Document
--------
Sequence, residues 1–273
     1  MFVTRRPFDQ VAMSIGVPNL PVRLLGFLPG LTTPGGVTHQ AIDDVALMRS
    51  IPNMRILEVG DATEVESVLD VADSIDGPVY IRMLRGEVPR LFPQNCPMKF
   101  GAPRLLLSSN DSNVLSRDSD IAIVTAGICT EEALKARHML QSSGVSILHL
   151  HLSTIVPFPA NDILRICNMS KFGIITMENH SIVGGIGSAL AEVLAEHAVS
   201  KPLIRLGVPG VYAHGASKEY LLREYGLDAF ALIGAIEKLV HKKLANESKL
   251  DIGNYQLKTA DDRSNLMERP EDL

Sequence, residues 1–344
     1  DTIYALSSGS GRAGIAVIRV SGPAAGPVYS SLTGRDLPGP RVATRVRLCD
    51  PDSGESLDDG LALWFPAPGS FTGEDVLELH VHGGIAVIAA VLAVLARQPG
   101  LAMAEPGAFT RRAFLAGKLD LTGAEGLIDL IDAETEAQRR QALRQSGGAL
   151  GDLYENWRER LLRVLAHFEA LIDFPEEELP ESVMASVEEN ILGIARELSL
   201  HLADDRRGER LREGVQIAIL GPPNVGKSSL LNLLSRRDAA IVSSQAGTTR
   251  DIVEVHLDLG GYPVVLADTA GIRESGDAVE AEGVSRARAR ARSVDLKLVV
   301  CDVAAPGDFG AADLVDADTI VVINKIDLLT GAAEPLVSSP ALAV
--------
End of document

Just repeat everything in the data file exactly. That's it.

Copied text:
Sequence, residues 1–273
     1  MFVTRRPFDQ VAMSIGVPNL PVRLLGFLPG LTTPGGVTHQ AIDDVALMRS
    51  IPNMRILEVG DATEVESVLD VADSIDGPVY IRMLRGEVPR LFPQNCPMKF
   101  GAPRLLLSSN DSNVLSRDSD IAIVTAGICT EEALKARHML QSSGVSILHL
   151  HLSTIVPFPA NDILRICNMS KFGIITMENH SIVGGIGSAL AEVLAEHAVS
   201  KPLIRLGVPG VYAHGASKEY LLREYGLDAF ALIGAIEKLV HKKLANESKL
   251  DIGNYQLKTA DDRSNLMERP EDL

Sequence, residues 1–344
     1  DTIYALSSGS GRAGIAVIRV SGPAAGPVYS SLTGRDLPGP RVATRVRLCD
    51  PDSGESLDDG LALWFPAPGS FTGEDVLELH VHGGIAVIAA VLAVLARQPG
   101  LAMAEPGAFT RRAFLAGKLD LTGAEGLIDL IDAETEAQRR QALRQSGGAL
   151  GDLYENWRER LLRVLAHFEA LIDFPEEELP ESVMASVEEN ILGIARELSL
   201  HLADDRRGER LREGVQIAIL GPPNVGKSSL LNLLSRRDAA IVSSQAGTTR
   251  DIVEVHLDLG GYPVVLADTA GIRESGDAVE AEGVSRARAR ARSVDLKLVV
   301  CDVAAPGDFG AADLVDADTI VVINKIDLLT GAAEPLVSSP ALAV